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Review: Cameron Macgowan’s “Red Letter Day”

Red Letter Day has a ton of sequel potential and the story-line to be the next big action-horror series. Move over, Purge. So, yeah, I guess that’s how I’m going to start my review of Cameron Macgowan’s directorial debut. Written and directed by Macgowan, Red Letter Day finds a small family getting situated in their new life and new home in a quiet suburbian community. One day, the mother and her two teen aged children receive anonymous red letters instructing them to kill or be killed. It doesn’t matter if it’s a stranger, a neighbor or one of their own. As the family gives in to fear and begin butchering on command, they find themselves in a never ending game of torment and deceit from a source who refuses to show themselves. How will the day end and who will be left when the clocks reset? Red Letter Day stars Dawn Van de Schoot, Hailey Foss, Roger LeBlanc, Tiffany Helm, Kaeleb Zain Gartner and Peter Strand Rumpel. Find it in select theaters on November 1st 2019 and on Blu-ray and VOD starting November 5th 2019 courtesy of Epic Pictures and DREAD. Here’s why you should consider checking out the upcoming title from Tanda Films, Awkward Silencio and Polyscope Productions.

How much can go wrong in one day? Well, in Red Letter Day, a whole fuckin’ lot can go wrong in less than 24 hours! A small town where every house and every lawn looks the same is the perfect venue for a bloody rampage. It shakes the community to its core and can rupture the very foundation its society was based on. So, something like mass murder goes much deeper than the family and friends it directly effected. It’s a grim and interesting plot-line and it’s one I’m glad that Cameron Macgowan had the talent to tackle so accurately. Red Letter Day starts with a real bang, violent and gory, before showcasing its central characters and what every day life is like for them. If you read the small synopsis about this movie before hand, you know an onslaught of crime and terror is on the way, and that’s exactly what happens here. You don’t get a lot of time to find your bearings before the family falls deeper and deeper into depravity and begin to lose themselves in the carnage. When they find their way out, will life ever be the same? Screw picnics, this is one town-wide initiation for the record books!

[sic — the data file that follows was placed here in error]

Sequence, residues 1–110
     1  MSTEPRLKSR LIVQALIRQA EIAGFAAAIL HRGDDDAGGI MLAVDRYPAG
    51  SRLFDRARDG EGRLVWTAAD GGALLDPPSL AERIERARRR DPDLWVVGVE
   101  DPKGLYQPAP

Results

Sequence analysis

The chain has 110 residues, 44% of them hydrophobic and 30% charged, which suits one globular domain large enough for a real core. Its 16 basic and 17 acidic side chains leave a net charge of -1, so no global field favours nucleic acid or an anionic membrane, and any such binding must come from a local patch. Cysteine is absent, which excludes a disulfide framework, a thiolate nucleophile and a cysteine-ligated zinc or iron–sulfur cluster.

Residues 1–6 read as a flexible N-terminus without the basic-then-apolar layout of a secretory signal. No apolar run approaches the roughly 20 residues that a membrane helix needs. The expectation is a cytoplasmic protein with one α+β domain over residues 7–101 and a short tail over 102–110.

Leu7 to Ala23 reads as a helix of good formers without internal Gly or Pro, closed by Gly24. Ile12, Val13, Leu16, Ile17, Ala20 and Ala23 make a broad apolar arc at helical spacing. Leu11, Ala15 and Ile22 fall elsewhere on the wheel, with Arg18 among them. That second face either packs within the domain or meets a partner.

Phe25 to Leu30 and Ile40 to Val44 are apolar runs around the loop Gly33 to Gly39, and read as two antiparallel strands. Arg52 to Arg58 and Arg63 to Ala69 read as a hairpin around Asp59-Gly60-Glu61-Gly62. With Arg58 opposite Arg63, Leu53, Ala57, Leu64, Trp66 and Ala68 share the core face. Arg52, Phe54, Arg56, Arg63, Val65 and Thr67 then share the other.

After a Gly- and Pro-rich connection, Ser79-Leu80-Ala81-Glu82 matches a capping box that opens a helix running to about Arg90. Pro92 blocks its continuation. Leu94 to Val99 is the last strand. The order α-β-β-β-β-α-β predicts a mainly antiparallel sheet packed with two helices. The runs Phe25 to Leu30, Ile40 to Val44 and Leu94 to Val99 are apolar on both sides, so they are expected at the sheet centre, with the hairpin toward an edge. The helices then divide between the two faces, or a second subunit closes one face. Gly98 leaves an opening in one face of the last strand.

Red Letter Day was produced by Jason Wan Lim with executive producers Cameron Macgowan, Rhett Miller, Trevor Griffiths and Amy Griffiths. Kyle Cooper and Sara Corry co-produced. Rhett Miller served as cinematographer and Nina Straum served as editor. The picture quality is great, the action is captured perfectly and the acting is far better than I expected it to be. The actors really draw you in to their characters, which makes you pine for their survival. Red Letter Day has a great, continuous concept, just like I stated above, but it’s execution was a little shaky in some areas. I wanted more. I wanted more action, more suspense and more blood splatters. I wanted Cameron & Co to really rattle the audience instead of giving them a peer pressure based horror narrative. Because the boundaries weren’t pushed to their limits, Red Letter Day actually feels like a comedy at certain points. The mood and the story progression didn’t flow coherently with the direction of the overall narrative and the surprises we were promised. If you can’t tell by now, I’m all for a sequel, and if that ever happens, I want Cameron to really solidify what style and atmosphere he wants to create in suburbia Hell.

Irregardless, Red Letter Day is a capable and compelling psychological thriller and one of the best action oriented horror films since The Strangers: Prey at Night. Well done!

Written by Michael Therkelsen

(Senior Editor)